The Artist: Maya Lin
Maya Lin is an American-born artist, architect and memorial designer. Her parents came to the United States from China ten years before her birth, to flee Mao Tse-tung’s rule.
As an active environmentalist, many of her works make use of the surrounding landscape. She has been known to use recycled materials, natural mediums such as marble and granite, and even the land itself.
One of Lin’s most visited creations it the Vietnam Veterans Memorial, or “The Wall,” in Washington, D.C.’s Constitution Gardens. She designed the memorial in 1982 while she was still an undergraduate at Yale University. Her design beat out more than 1,400 other design entries for the honor.
This memorial is more than 246 feet long and made up of 70 inscribed black granite panels bearing the names of all those in the military who died or who remain missing in the Vietnam War. There are currently 58,272 names on the wall, each placed there by a computerized photo stenciling method called “gritblasting.”
Her idea of the Wall was to create a “park within a park,” creating a quiet and protected space. The polished granite surface was meant to be mirror-like to reflect the current day surroundings while people looked over, remembered, and touched the names on the wall.
Other memorials include the Civil Rights Memorial in Montgomery, Alabama, and The Women’s Table, in honor of the Women at Yale, on the campus of her alma mater. Both of these works feature a thin layer of water running over a flat surface, encouraging people to place their hands along the smooth top.
Her current projects include what will be her final memorial, entitled “What it Missing?” The multi-sited project focusing on the awareness of habitat loss and biodiversity, debuted in 2009, with an installation at California Academy of Sciences.
The Project: Mini Quote “Stone” Carvings
Two of the most beautiful characteristics of Lin’s work are the way they becomes part of the landscape or setting, and their overwhelming invitation to be touched. Rather than just stand starkly and impersonally amid a field on the middle of a plaza, Lin’s work utilizes its surrounding to bring it to life.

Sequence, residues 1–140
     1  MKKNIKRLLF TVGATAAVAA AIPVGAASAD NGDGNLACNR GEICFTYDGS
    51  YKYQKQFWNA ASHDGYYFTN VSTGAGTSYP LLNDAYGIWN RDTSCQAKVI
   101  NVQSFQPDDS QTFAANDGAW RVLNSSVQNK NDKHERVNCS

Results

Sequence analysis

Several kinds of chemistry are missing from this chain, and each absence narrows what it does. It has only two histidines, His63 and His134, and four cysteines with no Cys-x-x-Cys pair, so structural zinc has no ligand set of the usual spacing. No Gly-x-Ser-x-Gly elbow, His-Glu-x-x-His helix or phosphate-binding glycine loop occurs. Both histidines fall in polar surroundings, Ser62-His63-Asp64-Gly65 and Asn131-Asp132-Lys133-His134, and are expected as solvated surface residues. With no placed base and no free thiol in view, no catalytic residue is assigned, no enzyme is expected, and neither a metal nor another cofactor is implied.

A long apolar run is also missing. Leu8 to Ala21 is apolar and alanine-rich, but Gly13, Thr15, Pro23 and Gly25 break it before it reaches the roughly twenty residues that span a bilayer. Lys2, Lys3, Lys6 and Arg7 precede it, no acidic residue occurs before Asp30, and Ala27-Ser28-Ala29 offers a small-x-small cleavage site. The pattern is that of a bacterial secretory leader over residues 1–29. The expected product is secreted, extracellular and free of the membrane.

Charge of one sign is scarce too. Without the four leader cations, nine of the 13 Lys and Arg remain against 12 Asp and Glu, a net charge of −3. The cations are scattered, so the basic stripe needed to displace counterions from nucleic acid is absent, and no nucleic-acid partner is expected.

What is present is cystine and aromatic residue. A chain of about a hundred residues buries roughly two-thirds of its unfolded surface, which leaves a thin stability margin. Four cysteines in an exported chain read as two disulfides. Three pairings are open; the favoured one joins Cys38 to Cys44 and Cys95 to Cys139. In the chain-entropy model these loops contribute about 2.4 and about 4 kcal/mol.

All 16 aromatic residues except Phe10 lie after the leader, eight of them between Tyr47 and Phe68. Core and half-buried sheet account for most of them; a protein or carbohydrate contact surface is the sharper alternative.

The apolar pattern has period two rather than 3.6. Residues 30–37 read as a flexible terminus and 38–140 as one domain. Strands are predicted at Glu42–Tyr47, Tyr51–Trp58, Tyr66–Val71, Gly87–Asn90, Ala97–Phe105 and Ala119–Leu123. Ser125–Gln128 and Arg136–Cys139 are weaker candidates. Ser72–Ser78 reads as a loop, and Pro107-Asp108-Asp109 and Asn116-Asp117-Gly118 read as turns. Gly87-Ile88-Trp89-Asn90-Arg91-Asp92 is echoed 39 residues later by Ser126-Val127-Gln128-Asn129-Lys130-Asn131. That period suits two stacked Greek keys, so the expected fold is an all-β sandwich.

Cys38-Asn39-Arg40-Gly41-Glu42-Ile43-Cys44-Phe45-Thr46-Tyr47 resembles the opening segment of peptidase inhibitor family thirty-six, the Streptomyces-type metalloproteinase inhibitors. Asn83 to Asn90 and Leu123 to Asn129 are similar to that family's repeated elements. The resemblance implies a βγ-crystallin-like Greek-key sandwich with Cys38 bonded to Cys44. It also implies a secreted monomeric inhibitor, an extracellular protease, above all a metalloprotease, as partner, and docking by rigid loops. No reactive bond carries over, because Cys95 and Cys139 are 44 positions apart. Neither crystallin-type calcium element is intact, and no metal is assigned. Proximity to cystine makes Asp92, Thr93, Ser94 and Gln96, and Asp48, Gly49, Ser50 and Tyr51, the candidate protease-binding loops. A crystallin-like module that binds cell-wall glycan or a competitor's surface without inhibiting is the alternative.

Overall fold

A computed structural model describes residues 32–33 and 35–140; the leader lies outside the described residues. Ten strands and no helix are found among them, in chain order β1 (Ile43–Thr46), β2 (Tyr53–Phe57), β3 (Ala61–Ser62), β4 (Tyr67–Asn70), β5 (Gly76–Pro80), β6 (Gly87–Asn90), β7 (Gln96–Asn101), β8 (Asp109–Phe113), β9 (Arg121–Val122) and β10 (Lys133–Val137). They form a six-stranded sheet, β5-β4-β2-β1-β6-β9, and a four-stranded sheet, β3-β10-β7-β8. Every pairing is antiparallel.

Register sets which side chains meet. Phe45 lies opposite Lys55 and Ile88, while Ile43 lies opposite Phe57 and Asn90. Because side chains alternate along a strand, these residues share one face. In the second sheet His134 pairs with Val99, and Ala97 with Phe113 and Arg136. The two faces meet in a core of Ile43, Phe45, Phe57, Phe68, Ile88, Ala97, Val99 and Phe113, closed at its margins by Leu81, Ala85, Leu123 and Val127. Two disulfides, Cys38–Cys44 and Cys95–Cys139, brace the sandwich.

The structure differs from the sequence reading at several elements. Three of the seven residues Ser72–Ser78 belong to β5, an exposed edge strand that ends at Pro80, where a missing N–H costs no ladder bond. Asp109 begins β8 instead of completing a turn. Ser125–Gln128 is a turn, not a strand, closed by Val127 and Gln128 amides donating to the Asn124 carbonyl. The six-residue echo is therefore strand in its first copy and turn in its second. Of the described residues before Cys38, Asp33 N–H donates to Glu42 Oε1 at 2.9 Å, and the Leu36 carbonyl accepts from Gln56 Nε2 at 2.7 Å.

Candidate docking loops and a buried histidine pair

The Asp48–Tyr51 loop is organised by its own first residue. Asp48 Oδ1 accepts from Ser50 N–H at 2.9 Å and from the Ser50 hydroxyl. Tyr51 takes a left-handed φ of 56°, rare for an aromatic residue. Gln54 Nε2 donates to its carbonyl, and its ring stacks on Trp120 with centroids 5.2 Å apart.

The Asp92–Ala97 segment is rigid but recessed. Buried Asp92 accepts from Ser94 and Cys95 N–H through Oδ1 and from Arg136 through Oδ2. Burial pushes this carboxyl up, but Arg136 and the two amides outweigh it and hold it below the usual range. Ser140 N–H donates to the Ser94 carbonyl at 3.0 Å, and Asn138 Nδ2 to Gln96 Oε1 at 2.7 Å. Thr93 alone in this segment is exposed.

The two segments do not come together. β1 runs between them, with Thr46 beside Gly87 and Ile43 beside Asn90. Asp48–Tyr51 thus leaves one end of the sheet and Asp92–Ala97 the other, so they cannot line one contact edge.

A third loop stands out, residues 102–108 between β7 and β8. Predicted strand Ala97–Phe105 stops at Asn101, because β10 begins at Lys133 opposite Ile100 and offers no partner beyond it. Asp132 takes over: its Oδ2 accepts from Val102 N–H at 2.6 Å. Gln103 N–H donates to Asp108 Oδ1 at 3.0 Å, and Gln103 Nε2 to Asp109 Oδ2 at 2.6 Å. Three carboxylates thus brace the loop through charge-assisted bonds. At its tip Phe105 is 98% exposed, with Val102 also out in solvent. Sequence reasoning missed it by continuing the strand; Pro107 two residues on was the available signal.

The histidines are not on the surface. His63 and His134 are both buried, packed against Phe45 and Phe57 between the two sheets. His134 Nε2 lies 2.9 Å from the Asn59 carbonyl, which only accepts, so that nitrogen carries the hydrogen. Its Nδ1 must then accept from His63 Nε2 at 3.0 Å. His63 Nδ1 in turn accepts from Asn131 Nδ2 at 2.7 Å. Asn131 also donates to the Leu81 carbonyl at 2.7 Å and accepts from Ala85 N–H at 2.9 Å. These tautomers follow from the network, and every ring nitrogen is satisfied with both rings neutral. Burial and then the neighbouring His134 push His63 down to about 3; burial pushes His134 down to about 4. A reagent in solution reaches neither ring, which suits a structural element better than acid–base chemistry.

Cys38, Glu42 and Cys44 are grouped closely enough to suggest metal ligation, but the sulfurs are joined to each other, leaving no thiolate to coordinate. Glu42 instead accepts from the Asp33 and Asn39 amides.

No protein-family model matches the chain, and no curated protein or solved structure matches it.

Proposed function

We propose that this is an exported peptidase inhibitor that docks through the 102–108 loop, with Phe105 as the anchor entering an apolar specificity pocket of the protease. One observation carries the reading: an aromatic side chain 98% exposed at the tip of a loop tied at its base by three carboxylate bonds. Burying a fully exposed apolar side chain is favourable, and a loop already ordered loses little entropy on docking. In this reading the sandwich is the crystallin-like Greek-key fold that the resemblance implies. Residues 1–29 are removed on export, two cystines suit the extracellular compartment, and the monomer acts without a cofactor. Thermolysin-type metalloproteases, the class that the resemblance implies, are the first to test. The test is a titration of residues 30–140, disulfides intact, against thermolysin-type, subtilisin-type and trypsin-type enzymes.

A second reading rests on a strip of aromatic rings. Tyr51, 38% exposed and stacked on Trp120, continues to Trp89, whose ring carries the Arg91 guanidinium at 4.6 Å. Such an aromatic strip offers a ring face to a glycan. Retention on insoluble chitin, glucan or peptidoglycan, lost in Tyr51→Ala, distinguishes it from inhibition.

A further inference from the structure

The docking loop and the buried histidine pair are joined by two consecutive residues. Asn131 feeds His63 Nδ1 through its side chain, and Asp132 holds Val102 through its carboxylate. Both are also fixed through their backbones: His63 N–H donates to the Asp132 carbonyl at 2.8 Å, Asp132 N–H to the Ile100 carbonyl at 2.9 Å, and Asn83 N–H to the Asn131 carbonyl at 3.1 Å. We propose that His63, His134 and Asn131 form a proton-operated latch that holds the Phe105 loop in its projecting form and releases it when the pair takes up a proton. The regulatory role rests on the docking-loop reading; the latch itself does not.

This project takes only bakeable polymer clay, a favorite inspirational (or humorous) quote, and a specific space you want this little “monument” to go in.
Choose polymer colors that most resemble granite or marble, or mix two or three together to get a marbled effect. Most brands of this clay come in 2-oz packages, and one of these (if just using one color) should be enough to make a nice little monument.
Think about what this is sculpture is going to be. Is this a motivational piece for a shelf corner or a work desk edge, an inspiring quote for a backyard, or something to simply evoke smiles and happy thoughts on a window garden?
Figure out how you want the shape to fit into its in environment. Will it be flat like a stepping stone or tucked into a corner like a triangle or brick? Try a wedge, if you want to burrow it the landscape, similar to Lin’s Vietnam Veterans Memorial. Use your hands or a rolling pin to smooth the surface that will contain the phrase. You can also flatten it by softly “smashing” it against a smooth, flat surface. The more you work with it, the easier the clay will be to shape.
Next, think about a simple, brief quote that would suit the space best. Think of a favorite movie, television show, or book quote, a line of poetry or favorite personal phrase. Using a toothpick or large yarn needle, gently write the phrase on the clay by lightly making little punctures in the clay. This makes it easier to rub over and correct mistakes, plus it won’t warp or “drag” the surface as much.
When you get the phrase the way you want it, go back and slowly make the letters a little deeper. Younger artists can use clay letter stamps, usually found near the clay packages at craft stores. Bake the little sculptures at 275° for 30 minutes to harden them.
Once these are done, they will look like little oddly shaped stones. Not really exciting in themselves, to be honest. When they become part of their intended environment, however, they can be seen and enjoyed from an entirely new perspective.
Invite people to run their fingers over the phrase, or feel the smooth surface of the clay. Get up close, look at the piece from different angles and really explore it. After all, this is what Lin often invites visitors to her memorials to do.
“I try to give people a different way of looking at their surroundings,” Lin says of her work. “That’s art to me.”